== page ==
Biopic life stories headline London Film Festival
Biographical films are the toast of the 58th London Film Festival, which opens on Wednesday with The Imitation Game, the tale of the British mathematician Alan Turing who broke Nazi code but was persecuted for being gay.world cinema Updated: Oct 08, 2014 19:58 IST
Biographical films are the toast of the 58th London Film Festival, which opens on Wednesday with The Imitation Game, the tale of the British mathematician Alan Turing who broke Nazi code but was persecuted for being gay.
The role is played by British actor Benedict Cumberbatch, who made his name as Sherlock Holmes in a popular television series and as a relatively benign plantation owner in the Oscar-0winning 2013 film 12 Years a Slave.
Turing was a computer scientist ahead of his time and the film coincides with the 60th anniversary of his death.
He was prosecuted for homosexuality in 1952 when it was a crime in Britain, despite the fact that he had played a crucial role in deciphering German codes that experts say accelerated the fall of Adolf Hitler.
Forced to undergo chemical castration, Turing killed himself at the age of 41. He was officially pardoned only last year by Queen Elizabeth II, six decades after his tragic death.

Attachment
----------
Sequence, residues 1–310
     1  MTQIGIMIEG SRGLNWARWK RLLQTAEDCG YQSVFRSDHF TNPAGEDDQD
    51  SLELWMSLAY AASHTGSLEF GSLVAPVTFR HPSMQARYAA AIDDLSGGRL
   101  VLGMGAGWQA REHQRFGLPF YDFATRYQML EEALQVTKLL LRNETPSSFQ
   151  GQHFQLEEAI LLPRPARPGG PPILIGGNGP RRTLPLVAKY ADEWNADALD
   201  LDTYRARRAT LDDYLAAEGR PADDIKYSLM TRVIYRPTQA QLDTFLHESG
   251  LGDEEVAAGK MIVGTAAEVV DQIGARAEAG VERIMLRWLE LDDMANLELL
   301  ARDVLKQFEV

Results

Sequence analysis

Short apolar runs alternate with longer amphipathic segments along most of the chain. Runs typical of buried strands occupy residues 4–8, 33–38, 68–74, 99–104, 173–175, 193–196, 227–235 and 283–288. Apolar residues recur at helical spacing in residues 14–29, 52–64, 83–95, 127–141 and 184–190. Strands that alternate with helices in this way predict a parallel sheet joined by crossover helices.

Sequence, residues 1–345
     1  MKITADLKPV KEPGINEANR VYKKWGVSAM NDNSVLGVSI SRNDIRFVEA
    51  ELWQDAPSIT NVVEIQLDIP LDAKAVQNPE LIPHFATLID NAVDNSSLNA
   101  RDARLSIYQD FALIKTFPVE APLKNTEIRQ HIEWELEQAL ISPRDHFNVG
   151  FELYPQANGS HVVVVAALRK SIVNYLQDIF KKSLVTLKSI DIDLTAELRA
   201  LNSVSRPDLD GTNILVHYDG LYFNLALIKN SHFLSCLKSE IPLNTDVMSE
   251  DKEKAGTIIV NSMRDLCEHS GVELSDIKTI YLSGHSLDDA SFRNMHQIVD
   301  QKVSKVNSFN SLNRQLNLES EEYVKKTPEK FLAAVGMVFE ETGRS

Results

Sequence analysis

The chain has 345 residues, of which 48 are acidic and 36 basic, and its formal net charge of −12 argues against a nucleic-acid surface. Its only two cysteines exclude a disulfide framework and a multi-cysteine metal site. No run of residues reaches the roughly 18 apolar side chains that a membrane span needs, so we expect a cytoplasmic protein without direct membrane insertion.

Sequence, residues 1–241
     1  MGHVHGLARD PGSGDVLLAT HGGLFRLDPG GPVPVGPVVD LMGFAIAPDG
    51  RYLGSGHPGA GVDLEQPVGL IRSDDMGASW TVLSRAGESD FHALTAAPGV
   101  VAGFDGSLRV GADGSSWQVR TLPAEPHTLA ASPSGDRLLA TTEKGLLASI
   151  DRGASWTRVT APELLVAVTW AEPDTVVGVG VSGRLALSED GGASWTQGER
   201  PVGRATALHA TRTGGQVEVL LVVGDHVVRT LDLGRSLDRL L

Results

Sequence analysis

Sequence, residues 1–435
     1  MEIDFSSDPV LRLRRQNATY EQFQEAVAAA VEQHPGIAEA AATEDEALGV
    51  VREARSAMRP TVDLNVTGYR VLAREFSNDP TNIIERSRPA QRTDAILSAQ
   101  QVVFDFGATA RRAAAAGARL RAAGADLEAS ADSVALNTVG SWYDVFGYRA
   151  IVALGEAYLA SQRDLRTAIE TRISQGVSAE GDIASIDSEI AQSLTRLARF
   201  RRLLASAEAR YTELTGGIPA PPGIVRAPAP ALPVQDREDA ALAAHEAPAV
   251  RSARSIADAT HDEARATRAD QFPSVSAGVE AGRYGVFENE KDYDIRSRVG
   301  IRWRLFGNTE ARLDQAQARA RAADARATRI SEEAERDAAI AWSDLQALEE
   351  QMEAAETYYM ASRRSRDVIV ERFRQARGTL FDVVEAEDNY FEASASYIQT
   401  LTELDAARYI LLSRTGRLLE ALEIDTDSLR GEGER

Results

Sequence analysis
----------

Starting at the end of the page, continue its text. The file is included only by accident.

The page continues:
Wednesday marks the European premiere of the film of his life, which also stars British actor Keira Knightley and won the top people's choice award at the Toronto International Film Festival last month.
A newcomer to cinema, US star comedian and presenter of The Daily Show Jon Stewart, will also be in London to present his first film.
Rosewater, which is also biographical, tells the true story of the detention of the Canadian-Iranian journalist Maziar Bahari, played by Mexican actor Gael Garcia Bernal.
Inspiring life stories.
The later years of one of Britain's most celebrated artists are the subject of Mr. Turner, directed by Mike Leigh and starring Timothy Spall, who won best actor at the Cannes Film Festival for his performance.
Bennet Miller's Foxcatcher is also based on a true 1980s story of a rich billionaire played by Steve Carell who takes two wrestler brothers under his wing (Channing Tatum and Mark Ruffalo).
Wild, by Canadian director Jean-Marc Vallee tells the story of Cheryl Strayed, who walked 1,700 kilometres (1,056 miles) through the US wilderness of the Pacific Crest Trail, to overcome the death of her mother, a difficult divorce and a history of drug addiction. Strayed is played by Oscar-winner Reese Witherspoon in the epic film, adapted from a bestselling book.
One biopic premiering at the film bonanza is Festival of Youth, inspired by the memoirs of British author Vera Brittain about her life during World War I.
A determined and intelligent woman, the young Brittain fled to escape her conservative parents by winning a scholarship to Oxford University.
She fell deeply in love, but all was changed with the outbreak of World War I and her companion's departure to the front lines.
Brittain gave up her studies to become a volunteer nurse and faced the horrors of war.
Another war film, Fury starring US actor Brad Pitt, will close the festival on October 19.
Shot in Britain, the feature follows the adventures of five soldiers fighting in a tank called Fury during the final days of World War II.